Canada Concludes Record Cruise Season

Overall Canada has seen fantastic numbers of ship visits and passenger totals as the 2023 season draws to a close.

The sailing season in Canada is wrapping up with record numbers for cruise travelers and cruise ship calls, surpassing pre-pandemic levels and bringing great economic benefits to port communities and across the country.

At the same time, improved measures to protect the environment have ensured sustainability and commitment to conscientious cruising that will help preserve Canada’s pristine ports and coastlines for generations to come.

Canadian Cruise Season Ends With a Flourish

With leaves falling and snow on the horizon, the cruise season in Canada is wrapping up after a booming year that may well surpass 2019 levels thanks to record-setting numbers of passengers visiting the Great White North.

Multiple cruise ports in Canada have reported superior numbers this year, such as Vancouver recording 332 ship visits and an astonishing 1.25 million guests, significantly higher than initial predictions for the 2023 Alaska season.

Some ports have been exceptionally busy, such as Halifax welcoming five ships in one day at the peak of fall foliage season, a stunning way to end the cruise season as approximately 6,400 guests were able to enjoy brilliant colors that day.

Cruise Ships Docked in Vancouver
Cruise Ships Docked in Vancouver (Photo Credit: Iryna Makukha / Shutterstock)

In total, 2023 numbers are expected to be extraordinary, though full totals will not be available for some weeks after the close of the season as individual ports tally their ship visits and travelers served.

The season’s great performance isn’t due just to cruise ships, however, and it is thanks to everyone involved in the industry and in support of cruise travel that so many visitors have been able to enjoy Canada this year.

“As we bid farewell to this extraordinary summer cruise season, we extend our appreciation to the passengers, suppliers, community partners and government agencies that made it possible,” said Kelly Craighead, President and CEO of Cruise Lines International Association (CLIA).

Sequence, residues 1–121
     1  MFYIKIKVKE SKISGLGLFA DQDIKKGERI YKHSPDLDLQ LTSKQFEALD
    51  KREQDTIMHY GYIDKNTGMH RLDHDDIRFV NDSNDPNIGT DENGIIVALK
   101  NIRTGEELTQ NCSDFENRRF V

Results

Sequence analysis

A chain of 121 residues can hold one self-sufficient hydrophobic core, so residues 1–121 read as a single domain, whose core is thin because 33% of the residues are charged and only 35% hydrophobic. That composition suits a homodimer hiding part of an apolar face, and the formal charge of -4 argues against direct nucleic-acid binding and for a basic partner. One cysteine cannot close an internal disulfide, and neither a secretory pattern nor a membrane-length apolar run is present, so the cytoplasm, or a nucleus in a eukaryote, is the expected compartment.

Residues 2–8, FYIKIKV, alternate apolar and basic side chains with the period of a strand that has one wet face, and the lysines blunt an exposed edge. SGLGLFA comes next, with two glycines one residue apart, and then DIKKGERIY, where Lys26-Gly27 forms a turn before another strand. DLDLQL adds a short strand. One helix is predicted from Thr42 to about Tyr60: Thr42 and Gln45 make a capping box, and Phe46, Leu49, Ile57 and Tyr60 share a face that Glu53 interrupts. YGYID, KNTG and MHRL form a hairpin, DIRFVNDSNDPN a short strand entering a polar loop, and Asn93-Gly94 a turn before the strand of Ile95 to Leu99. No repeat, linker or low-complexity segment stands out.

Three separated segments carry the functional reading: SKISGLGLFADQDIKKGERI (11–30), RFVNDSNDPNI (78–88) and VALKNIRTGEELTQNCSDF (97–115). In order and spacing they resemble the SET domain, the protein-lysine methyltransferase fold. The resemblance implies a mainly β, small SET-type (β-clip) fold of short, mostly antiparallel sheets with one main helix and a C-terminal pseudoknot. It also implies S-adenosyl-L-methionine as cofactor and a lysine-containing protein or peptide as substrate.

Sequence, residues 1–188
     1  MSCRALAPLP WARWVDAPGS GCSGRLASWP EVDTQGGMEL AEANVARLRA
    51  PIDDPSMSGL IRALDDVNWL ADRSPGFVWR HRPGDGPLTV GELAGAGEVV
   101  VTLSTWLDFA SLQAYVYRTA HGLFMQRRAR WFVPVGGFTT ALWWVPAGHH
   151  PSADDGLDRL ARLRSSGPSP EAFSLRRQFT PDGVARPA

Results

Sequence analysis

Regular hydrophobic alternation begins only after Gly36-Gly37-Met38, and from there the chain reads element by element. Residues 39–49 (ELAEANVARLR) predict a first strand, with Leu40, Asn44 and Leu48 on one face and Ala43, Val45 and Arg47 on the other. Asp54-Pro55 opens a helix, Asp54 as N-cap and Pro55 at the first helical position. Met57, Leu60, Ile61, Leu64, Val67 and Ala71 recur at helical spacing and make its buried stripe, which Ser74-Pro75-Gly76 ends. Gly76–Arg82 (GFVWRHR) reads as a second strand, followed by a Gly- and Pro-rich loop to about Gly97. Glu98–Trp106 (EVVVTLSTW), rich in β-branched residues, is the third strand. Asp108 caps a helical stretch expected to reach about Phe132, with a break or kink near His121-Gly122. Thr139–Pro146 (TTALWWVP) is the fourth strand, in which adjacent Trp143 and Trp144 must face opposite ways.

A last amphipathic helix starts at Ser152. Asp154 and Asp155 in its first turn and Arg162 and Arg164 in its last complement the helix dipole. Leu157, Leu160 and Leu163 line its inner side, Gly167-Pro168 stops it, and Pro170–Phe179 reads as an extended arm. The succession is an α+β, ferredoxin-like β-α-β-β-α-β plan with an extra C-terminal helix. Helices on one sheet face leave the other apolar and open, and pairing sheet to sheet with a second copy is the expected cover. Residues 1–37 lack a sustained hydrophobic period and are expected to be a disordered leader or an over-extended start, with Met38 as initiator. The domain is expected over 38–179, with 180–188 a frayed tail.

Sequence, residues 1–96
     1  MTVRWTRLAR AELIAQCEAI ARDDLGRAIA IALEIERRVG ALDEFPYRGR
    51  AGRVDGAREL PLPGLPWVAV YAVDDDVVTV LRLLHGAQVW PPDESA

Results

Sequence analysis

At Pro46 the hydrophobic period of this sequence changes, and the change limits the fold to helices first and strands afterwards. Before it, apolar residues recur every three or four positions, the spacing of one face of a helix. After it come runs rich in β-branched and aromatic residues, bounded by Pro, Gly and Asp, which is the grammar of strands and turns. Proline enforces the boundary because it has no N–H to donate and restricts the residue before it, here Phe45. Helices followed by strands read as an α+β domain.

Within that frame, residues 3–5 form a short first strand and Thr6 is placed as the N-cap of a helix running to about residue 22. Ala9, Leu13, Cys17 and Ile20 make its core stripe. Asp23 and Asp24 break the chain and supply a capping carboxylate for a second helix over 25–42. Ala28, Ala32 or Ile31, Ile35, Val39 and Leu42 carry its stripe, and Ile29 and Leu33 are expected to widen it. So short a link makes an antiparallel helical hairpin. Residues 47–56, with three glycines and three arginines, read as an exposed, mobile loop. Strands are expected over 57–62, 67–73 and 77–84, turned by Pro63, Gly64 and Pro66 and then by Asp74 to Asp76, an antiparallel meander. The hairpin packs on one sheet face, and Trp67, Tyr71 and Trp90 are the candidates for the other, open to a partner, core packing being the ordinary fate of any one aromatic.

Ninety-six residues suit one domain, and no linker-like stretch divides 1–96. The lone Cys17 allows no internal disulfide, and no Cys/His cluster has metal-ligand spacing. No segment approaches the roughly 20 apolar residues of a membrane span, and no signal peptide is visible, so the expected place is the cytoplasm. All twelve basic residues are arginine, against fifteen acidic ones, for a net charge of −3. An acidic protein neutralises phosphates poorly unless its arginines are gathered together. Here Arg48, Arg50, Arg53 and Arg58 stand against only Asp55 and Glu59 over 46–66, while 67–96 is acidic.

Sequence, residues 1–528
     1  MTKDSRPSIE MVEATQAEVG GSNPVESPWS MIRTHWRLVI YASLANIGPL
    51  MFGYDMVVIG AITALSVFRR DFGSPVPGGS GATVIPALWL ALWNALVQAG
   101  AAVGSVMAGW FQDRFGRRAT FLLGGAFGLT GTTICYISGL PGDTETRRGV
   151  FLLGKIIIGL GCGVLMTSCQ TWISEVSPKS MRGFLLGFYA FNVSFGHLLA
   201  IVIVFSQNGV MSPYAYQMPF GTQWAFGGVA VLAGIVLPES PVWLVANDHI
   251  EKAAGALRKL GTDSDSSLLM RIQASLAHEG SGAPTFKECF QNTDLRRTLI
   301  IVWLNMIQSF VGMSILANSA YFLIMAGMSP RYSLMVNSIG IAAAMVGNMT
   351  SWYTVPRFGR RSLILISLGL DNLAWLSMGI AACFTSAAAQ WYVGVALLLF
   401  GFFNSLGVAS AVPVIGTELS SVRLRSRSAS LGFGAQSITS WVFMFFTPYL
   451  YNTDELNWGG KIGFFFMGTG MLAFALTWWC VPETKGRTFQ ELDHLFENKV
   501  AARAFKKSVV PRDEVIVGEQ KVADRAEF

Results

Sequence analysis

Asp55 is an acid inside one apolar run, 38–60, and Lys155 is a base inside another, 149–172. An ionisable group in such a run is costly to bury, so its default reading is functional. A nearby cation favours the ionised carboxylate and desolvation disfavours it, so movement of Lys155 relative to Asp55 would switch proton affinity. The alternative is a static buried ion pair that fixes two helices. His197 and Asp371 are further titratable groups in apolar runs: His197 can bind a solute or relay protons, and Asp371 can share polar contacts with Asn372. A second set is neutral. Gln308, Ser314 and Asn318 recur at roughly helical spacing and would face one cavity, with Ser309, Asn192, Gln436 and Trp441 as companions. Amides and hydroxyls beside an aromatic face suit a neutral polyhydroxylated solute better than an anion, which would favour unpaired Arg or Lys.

This performance is exceptional, even at a time when strikes threatened port operations and other challenges faced the industry, yet cruising continued to sail forth.

Economic Benefits on the Rise

With cruising’s comeback in full force, the economy of port communities – and by extension, ripple effects throughout the Canadian economy – is strong.

In 2019, the most recently available data for a full cruise season, the cruise industry supported 30,000 local jobs and contributed $4.3 billion to the nation’s economy. With 2023 numbers even higher, it stands to reason that the economic impact will also be larger and continuing to grow.

Cruise Port in Vancouver, Canada

“With consumer intent to cruise now at an all-time high, we anticipate an equally robust 2024, bringing significant economic benefit to the Canadian economy,” said Craighead.

Many cruise lines are reporting strong bookings for 2024 and beyond, especially for Alaska cruises and specialty sailings like fall foliage forays to the Canadian maritime provinces.

Sustainability at the Forefront

It isn’t just full steam ahead, however, as cruise lines are also highly cognizant of the need for sustainable and responsible cruising. This is especially critical in delicate environments like the Canadian coast, where the pristine conditions must be preserved as natural beauty is a tremendous draw for travelers.

“The industry has implemented additional environmental measures developed in collaboration with Transport Canada and has been actively participating in planning for new shore power facilities,” said Craighead. “In fact, between now and 2028, virtually all new cruise ships will be equipped to plug in to shore-side electricity where available, reducing emissions in port by up to 98%.”

Shore power permits cruise ships with the capability to plug in to port electrical grids while docked, which in turn allows the ships to turn off their engines and dramatically reduce emissions and noise.

Multiple cruise lines are equipping their ships for shore power, with Cunard Line finishing retrofitting all its ships for shore power in August 2023.

Similarly, influential and renowned Alaska-sailing Holland America Line completed its fleet capability for shore power in September 2023, and other cruise lines are working toward the same goal.

Where will sustainability and the eagerness for great vacations take Canada cruises in the years to come? Set sail and find out!

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